I am pleased to announce a new feature to reconnoitre and that is the ability to import Encase bookmarks created and exported by C4P and to identify the files within shadow copies that relate to the bookmarks.
For those of you who already own Reconnoitre you can download the latest version here: http://sandersonforensics.com/files/reconnoitre.exe
For those who wish to evaluate Reconnoitre then please request an eval download link by emailing me at email@example.com.
Currently when C4P/C4ALL is used to categorise files extracted from an encase image a bookmark export file can be created to bring the categorisations into encase. This works well for files that exist in the normal file system (live files) or files that have been carved from the pagefile or unallocated. However for files that have been carved from a shadow copy the process does not work so well. In this instance the bookmark created by the C4P script can only identify the bytes within the shadow volume file and cannot identify any files that exist within the shadow volume and more importantly the meta data associated with this file is missing. So, if a deleted file exists within a shadow, or a graphic is carved by C4P but the graphic exists embedded within a document of thumbs.db, this information will not be made available to the investigator.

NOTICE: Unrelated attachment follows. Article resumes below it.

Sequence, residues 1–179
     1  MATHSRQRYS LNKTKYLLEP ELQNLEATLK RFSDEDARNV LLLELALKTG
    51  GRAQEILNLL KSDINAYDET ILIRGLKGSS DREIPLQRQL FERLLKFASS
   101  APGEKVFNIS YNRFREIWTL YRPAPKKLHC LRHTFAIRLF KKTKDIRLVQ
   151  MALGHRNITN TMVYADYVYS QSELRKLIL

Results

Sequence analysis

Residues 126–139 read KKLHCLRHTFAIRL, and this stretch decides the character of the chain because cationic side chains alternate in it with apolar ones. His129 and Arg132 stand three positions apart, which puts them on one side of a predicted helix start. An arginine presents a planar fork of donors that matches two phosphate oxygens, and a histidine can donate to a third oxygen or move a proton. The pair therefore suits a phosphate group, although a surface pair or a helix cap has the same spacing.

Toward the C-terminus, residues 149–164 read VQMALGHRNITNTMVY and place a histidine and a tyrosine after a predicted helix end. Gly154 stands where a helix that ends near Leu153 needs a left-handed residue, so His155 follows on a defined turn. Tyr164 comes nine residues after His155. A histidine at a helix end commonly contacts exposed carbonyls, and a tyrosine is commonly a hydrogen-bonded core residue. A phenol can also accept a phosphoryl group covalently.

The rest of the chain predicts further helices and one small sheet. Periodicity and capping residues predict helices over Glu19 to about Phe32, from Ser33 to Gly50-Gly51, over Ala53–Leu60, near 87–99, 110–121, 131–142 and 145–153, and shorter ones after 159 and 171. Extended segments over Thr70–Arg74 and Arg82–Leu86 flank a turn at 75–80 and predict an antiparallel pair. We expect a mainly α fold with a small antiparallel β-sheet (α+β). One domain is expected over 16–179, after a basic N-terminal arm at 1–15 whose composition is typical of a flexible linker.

Reconnoitre now addresses these issues and when a C4P Encase bookmark file is imported into Reconnoitre any files within a shadow volume that can be matched to the byte range in the bookmark file will be highlighted and given the categorisation assigned in C4P. If a byte range corresponds to a graphic embedded within another file (i.e. a thumbs.db file within a shadow volume) then Reconnoitre will also show this.
In the example below a number of files have been carved with C4P and the bookmark file imported into Reconnoitre. We can see from the “attr” column that some of the files are flagged as “C4P carved” these are carved entries from the C4P bookmark files. This view also shows the parent thumbscache_32.db file and 4 additional copies of this file that appear in 4 different VSCs together with the meta data including the date of creation etc.. The view also shows the carved thumbnails from within each of the thumbscache_32.db files along with the offset of the thumbnail within these files. We can also see the meta data associated with the parent file along us a, as investigators, to place the proper provenance on these carved images.
Reconnoitre has many more features than this including further features to integrate with C4P hash servers and the ability to display a map showing where a picture was taken based on EXIF GPS data, and more.
Reconnoitre also has other feartures for working with C4All such as the ability to directly query a C4P Hash server
More information here: http://sandersonforensics.com/forum/...68-Reconnoitre